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Junior and Senior High Students at home for 2 weeks in Red Deer and other large Alberta Cities

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Targeted regional measures to bend the curve

New mandatory measures will address growing COVID-19 cases in hot spot communities across Alberta.

Targeted restrictions will apply to municipalities or regions where there are at least 350 cases per 100,000 people and 250 currently active cases.

New measures will apply to junior and senior high schools, and sports and fitness activities in these communities.

These targeted restrictions will remain in place for at least two weeks for any community or area that reaches this trigger. After 14 days, the enhanced measures will be lifted once the municipality falls back below the threshold.

Expanded public health measures

The following mandatory public health measures will come into effect for hot spot municipalities and regions:

Schools – Starting May 3

  • While schools remain a safe place and are not a main driver of community spread, in order to limit in-person interactions, all junior and senior high school students (Grades 7 and above) will shift to online learning.
  • K-6 students will continue in-classroom learning unless otherwise approved by Alberta Education to shift to online-learning.

Indoor fitness – effective April 30

  • All indoor fitness activities are prohibited. This includes:
    • all group physical activities, such as team sports, fitness classes and  training sessions
    • all one-on-one lessons and training activities
    • all practices, training and games
  • Outdoor fitness activities may continue under provincewide restrictions currently in place, including individual or household one-on-one training with a trainer.

Indoor sport and recreation – effective April 30

  • All youth and adult indoor group physical activities, including team sports and one-on-one training sessions, are prohibited.
  • Outdoor sport and recreation activities may continue under provincewide restrictions currently in place:
    • Outdoor team sports where two-metre distancing cannot be maintained at all times (such as basketball, volleyball, soccer, football, slo-pitch and road hockey) remain prohibited.
    • Outdoor fitness training is allowed, as are physically distanced group fitness classes with a maximum of 10 participants.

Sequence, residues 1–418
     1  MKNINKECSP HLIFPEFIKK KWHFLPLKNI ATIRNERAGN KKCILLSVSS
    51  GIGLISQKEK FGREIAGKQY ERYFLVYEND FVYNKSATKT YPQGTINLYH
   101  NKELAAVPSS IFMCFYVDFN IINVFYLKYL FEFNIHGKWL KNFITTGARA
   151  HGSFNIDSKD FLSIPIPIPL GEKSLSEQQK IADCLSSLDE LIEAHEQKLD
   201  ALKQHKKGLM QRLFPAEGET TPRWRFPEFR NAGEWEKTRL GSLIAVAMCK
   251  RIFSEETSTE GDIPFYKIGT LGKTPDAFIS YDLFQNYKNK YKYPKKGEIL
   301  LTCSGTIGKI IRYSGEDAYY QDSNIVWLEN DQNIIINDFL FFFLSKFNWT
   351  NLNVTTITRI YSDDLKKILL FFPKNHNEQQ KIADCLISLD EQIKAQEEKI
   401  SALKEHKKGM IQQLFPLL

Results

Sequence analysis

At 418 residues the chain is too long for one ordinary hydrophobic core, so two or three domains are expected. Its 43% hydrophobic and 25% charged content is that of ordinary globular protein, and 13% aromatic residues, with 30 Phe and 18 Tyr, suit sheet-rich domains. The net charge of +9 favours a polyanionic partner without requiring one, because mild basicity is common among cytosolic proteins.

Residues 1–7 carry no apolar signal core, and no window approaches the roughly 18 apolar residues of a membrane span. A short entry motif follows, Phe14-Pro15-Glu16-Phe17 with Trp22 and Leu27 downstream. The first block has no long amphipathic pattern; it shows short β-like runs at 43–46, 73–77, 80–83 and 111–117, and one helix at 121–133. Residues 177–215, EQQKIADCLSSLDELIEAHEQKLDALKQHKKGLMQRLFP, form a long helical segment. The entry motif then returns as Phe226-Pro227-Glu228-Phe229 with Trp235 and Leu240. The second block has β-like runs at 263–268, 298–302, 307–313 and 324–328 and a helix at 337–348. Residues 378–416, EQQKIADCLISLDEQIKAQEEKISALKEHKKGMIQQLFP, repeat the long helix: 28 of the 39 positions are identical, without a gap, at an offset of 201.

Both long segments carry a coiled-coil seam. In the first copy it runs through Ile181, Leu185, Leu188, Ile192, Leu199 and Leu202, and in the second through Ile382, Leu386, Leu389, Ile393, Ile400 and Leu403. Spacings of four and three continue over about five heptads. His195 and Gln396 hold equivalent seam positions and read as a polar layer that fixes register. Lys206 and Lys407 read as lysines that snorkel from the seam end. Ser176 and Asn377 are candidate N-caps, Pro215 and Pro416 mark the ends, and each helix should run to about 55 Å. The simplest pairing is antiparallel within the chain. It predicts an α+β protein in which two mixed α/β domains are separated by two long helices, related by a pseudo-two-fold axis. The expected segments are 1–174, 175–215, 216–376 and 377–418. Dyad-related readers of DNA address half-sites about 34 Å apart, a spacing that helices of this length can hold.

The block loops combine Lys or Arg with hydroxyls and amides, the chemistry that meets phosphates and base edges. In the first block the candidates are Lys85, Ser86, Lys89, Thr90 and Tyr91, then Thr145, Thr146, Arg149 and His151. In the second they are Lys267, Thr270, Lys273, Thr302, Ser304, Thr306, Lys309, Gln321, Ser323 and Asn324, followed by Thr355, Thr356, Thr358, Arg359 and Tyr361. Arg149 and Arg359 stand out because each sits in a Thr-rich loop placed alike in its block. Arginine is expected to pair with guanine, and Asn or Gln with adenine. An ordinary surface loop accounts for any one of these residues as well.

• Outdoor group physical activity with different households must be limited to 10 people or fewer and two-metre distancing must be maintained at all times.
  • All indoor recreation facilities must close. Outdoor recreation amenities can be open to public access unless specifically closed by public health order.

Curfew

The government will implement a curfew where case rates are significantly high, specifically case rates above 1,000 per 100,000, and if a municipality or region requests it. Details will be announced prior to any curfew being implemented.

All other current public health restrictions, including masking, physical distancing, prohibitions on social gatherings and working from home requirements remain in place provincewide.

Alberta’s government is responding to the COVID-19 pandemic by protecting lives and livelihoods with precise measures to bend the curve, sustain small businesses and protect Alberta’s health-care system.

Quick facts

  • Current communities with a case rate above 350 per 100,000 people and at least 250 active cases:
    • Fort McMurray
    • City of Red Deer
    • City of Grande Prairie
    • City of Calgary
    • City of Airdrie
    • Strathcona County
    • City of Lethbridge
    • City of Edmonton
  • Future updates for active case rates for municipalities and a map of those under enhanced restrictions will be available at alberta.ca.
  • Moving forward, targeted restrictions will be applied to any communities or regions with a case rate above 350 per 100,000 people and 250 active cases, and remain in place for at least two weeks.
  • If, after two weeks, the case rate falls below the threshold of 350 cases per 100,000 people, these targeted measures will be removed and only current provincewide restrictions will apply.
  • If a municipality goes below the threshold measure of 350 cases per 100,000 people before the two weeks are finished, the enhanced restrictions will still apply until the two-week period is over.